2. Marginalised Artists:
At present I feel so marginalised that I don't even know if I could find a place within the "Marginalised Artists Group".
However, on a more serious level, I was wondering if there were any
plans for developing systems of practical help for marginalised artists.
Perhaps too, one might need to give serious concideration to why they
became so marginalied -and what (mental health) effects this might have
with regards to their becoming "unmarginalised".
Apparently "social rituals" play an
enormously important role in any collective activity: Although every
organisation has its own official reason for existance -in practice, it
seems that individual and collective psychological factors outside the
official function (in many cases) play a role in determining actual
activity which is possibly even greater than the official task.
From experience, it seems that some people (i.e artists) iether have,
or develop, a personality which does not fit in well with the
(unilaterally) defined social rituals of others.
Marginalisation often produces stress -and stress reduces the ability
to participate in (apparently non-essential) social rituals. This, in
turn, isolates the individual in question even more from a social
context -which of course only reinforces the problem.
How does one deal with this?
On the one hand, a social club for unsocial people sounds a bit
problematic -and on the other hand, I wonder how much marginalisation
might actually play a creative role in the work of the person
concerned. Certainly, I have the feeling that much of my (theoretical)
work is based on (internalising) "dialogues that I wish I'd had with
somebody".... Of course, there is no way for me to know how much better
(or worse) the work would be if it came under the category "Dialogues
that I enjoyed having with somebody".
Unfortunately, I must unfortunately admit that many of the social dialogues that I
have been able to witness did not have the quality that one for might
hope for. On the other hand, it is also extremely painful to experience
being excluded from groups of (happy) people discussing subjects which
are highly relevant to one's own existance. Such experiences only
increase the psychological pressures that contribute to marginalisation.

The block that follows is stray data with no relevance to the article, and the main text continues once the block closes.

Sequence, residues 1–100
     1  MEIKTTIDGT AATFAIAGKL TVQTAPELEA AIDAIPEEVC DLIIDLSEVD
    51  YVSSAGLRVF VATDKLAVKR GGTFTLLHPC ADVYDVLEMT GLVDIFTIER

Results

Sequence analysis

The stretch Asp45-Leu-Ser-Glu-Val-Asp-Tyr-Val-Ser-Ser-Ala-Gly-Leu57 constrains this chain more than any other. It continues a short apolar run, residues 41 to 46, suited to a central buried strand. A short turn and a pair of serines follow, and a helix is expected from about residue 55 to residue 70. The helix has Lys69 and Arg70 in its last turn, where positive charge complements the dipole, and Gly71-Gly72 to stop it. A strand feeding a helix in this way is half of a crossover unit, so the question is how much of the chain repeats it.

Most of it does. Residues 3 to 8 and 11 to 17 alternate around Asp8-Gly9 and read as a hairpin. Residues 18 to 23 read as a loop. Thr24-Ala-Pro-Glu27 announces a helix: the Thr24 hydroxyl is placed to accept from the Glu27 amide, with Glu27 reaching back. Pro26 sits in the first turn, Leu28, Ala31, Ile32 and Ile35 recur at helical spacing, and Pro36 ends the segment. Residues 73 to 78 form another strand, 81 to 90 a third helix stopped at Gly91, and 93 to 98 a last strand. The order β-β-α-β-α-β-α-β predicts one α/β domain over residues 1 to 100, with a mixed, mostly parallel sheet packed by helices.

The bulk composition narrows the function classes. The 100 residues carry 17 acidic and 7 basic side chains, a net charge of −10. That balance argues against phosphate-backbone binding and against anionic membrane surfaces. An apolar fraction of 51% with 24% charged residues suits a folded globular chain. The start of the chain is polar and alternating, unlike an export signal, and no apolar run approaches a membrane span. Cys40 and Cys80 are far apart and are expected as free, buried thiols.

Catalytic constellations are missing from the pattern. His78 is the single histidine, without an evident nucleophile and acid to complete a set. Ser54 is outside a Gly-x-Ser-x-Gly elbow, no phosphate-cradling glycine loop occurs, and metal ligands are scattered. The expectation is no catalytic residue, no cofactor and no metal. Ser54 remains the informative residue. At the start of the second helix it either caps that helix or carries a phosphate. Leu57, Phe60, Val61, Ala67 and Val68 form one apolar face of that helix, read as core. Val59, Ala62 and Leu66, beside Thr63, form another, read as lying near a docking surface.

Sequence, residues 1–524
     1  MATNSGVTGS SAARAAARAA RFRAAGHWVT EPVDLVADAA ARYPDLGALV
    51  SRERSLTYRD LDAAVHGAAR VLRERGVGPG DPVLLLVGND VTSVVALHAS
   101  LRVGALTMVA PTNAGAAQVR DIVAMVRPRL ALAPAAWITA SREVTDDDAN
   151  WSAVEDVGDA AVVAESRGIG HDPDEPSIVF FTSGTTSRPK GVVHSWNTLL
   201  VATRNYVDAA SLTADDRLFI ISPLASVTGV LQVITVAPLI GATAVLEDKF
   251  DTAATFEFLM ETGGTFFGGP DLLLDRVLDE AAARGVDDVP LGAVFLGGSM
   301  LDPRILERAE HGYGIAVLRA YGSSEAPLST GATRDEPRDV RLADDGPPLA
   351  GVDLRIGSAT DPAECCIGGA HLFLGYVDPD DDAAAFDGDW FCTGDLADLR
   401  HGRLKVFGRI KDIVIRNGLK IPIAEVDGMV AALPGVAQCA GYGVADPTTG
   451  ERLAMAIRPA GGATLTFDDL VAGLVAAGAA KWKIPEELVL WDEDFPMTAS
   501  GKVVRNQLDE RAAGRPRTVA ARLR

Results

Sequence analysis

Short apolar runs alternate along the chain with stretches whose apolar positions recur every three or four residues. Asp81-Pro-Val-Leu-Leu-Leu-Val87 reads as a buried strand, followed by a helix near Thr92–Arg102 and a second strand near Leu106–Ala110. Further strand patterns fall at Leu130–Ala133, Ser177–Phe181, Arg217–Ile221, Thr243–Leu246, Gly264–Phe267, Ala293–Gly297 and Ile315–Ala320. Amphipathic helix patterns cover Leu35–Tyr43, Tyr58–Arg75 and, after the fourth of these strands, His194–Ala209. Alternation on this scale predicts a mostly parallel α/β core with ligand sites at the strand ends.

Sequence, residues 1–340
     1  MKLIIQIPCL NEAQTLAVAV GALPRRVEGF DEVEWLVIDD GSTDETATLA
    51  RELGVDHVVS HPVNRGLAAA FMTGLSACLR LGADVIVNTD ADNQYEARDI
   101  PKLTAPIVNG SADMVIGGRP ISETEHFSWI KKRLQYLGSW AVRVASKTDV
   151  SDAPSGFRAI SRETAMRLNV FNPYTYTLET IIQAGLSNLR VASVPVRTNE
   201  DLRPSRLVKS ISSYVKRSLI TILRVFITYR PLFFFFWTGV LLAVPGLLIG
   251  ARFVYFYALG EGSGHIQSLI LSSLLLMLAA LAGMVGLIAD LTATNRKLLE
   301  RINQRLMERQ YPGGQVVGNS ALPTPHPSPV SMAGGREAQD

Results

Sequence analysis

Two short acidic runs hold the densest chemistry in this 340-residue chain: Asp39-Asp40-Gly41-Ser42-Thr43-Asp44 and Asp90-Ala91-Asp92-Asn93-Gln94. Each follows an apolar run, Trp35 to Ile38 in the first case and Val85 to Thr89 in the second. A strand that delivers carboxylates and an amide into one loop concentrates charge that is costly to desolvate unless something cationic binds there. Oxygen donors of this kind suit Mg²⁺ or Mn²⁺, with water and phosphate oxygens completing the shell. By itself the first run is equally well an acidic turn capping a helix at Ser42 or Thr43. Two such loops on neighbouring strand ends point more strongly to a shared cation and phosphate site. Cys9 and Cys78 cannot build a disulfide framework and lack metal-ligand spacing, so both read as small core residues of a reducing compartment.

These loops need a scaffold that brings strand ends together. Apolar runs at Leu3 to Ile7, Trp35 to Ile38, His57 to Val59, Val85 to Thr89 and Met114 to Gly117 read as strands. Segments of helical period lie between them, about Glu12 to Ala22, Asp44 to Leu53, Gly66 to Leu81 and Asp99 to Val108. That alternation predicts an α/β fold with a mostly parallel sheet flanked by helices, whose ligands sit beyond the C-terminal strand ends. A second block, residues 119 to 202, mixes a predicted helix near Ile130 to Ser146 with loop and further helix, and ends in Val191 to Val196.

I suppose, closely related to this is the question of "direct
experience" in art. How much the work of an artist might reflect their
actual living conditions and experiences as opposed(?) to how much
work might reflect the social and artistic "norms and values" expected
of them -or indeed, how much their work might conciously reflect some
kind of collective social ritual (in the more traditional sense -and I
suppose perhaps in the (post)modern sense too).
b. Work Related:
Recently a friend wrote saying that his
eyesight had deteriorated and his head was full of code as a result of
the many long hours spent programming.
Indeed, my own personal experiences suggest that the mental disciplines
involved in programming successfully, may well stand in the way of
successful social interactions both on an individual and on a social
Apart from questions regarding standards of "objectivity",
"completenes" (reliability), "causality" and "inter-connectivity"
-there is also a bizarre time frame. Programming (especially debugging)
often requires hours of slow, patient and highly concentrated (but
perhaps slightly "unfocused") mental activity -while at the same time
interacting with a system that has a response time measured in
milliseconds..... In contrast, human contact (especially in the context
of group discussions) works with a completely different set of rules
-in a totally different time-frame.
Once when hitch-hiking in Britain, I got a ride with an ex-SAS soldier
-who told me that their standards of perfection were so great that they
had a special course to learn how to do things badly in civilian
society when they left the army. Sometimes, when talking to "normal"
people, I have the feeling that I can understand this point only too
Incidentally, in Holland, there is a "Museum for Outsiders" -although
when I visited it they seemed a little confused as to what exactly
defined an "Outsider". Apparently, the museum started as a private
collection of work by patients of the local psychiatrist. However, on
becoming a museum it seems to have partly kept the original function
-while expanding the definition of "Outsider" to include "autodidactic"
and "non-mainstram". Which is something that has slightly wierd effets
in my view.
This all seems to suggest that perhaps I'm not incorect with my idea
that one of the (or perhaps even THE) most important aspect(s) of
"Programming" (and culture too) concerns the question of "definitions".